• Brief of Petitioner Ronald H. Walsh, page -4-

    hours spread over three and a half days, to collect 53 signatures out of a total of 147

    members of the bargaining unit.10 He might well have gathered many more signatures,

    but he stopped seeking additional signatures once he had secured enough to allow the

    employees to vote.11 For the first time in 40 years, the employees in the bargaining unit

    would be permitted a full vote on their bargaining agent.

    Mr. Walsh filed the employees petition seeking an election on June 17, 2013.12

    The Regional Director, applying her understanding of 5 U.S.C. 7111(f)(3), dismissed

    the employees request for a vote on the basis that it was untimely.13 She believed the

    window for filing such a petition opened on July 10, 2013 and closed on August 26,

    2013.14 Thus, under the Regional Directors theory, Mr. Walsh filed the employees

    petition twenty-three days early.

    The Regional Directors office gave the Union until July 12, 2013 to file any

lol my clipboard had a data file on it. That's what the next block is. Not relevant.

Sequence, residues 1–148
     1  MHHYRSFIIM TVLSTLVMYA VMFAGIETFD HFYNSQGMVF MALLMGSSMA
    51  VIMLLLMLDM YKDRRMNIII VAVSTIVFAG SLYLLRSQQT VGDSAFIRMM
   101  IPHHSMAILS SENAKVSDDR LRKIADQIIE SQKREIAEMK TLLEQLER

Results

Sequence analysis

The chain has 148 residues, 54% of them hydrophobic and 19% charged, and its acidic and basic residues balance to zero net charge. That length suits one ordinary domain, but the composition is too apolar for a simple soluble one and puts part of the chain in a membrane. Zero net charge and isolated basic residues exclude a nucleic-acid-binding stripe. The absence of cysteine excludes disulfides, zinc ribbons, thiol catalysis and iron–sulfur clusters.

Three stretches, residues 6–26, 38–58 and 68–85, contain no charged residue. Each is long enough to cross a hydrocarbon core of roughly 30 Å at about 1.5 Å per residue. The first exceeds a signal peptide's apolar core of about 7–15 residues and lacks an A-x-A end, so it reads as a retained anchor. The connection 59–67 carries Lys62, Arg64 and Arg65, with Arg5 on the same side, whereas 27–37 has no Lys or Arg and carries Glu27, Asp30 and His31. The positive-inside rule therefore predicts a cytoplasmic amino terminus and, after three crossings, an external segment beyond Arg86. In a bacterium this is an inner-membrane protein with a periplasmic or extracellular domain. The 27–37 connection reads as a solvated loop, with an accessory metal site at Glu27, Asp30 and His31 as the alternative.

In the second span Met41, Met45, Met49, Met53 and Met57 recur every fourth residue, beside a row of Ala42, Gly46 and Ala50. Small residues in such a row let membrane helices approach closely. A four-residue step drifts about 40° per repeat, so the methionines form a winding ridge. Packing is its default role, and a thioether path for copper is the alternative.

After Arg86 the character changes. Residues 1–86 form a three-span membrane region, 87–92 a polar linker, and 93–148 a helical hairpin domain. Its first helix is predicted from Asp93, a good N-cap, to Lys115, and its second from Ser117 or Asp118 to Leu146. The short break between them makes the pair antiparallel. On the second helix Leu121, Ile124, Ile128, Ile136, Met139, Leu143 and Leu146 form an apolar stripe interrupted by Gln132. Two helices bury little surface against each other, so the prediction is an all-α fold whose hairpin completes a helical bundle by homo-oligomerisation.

objections to the employees petition.15 This deadline was two days after the window

    opened for Mr. Walsh to file his petition. Had the Union filed its objections then, Mr.

    Walsh would have been on notice that the Union claimed his filing was too early, and he

    would have been able to re-file within the window period. However, the Regional

    Director agreed to extend the Unions deadline to July 26, 2013 still within the window.

    The Union then asked for a second extension, until August 12, 2013, to which the

    that are not supported by the majority.). 10 R.D. pp. 6-7. 11 Walsh affd. p. 4. 12 The Regional Director twice states the date as June 17, 2013 (R.D. pp. 1 & 8), but also states the date of filing as June 13, 2013. (R.D. p. 7). Mr. Walsh will use the June 17 date in his argument. 13 R.D. p. 12. 14 Id. 15 Walsh affd. p. 6.

  • Brief of Petitioner Ronald H. Walsh, page -5-

    Director agreed.16 The Union did not meet that deadline either, but filed objections a

    day later, on August 13, 2013.17

    However, it was not until August 27, 2013 that the Union informed the Regional

    Director of its objection to the timeliness of Mr. Walshs petition.18 This out-of-time

    objection was filed one day after the Regional Directors window for Mr. Walsh to file his

    petition had closed. Why the Regional Director permitted the Union to violate the

    deadline set by her office is a matter of speculation. Had the Region required the Union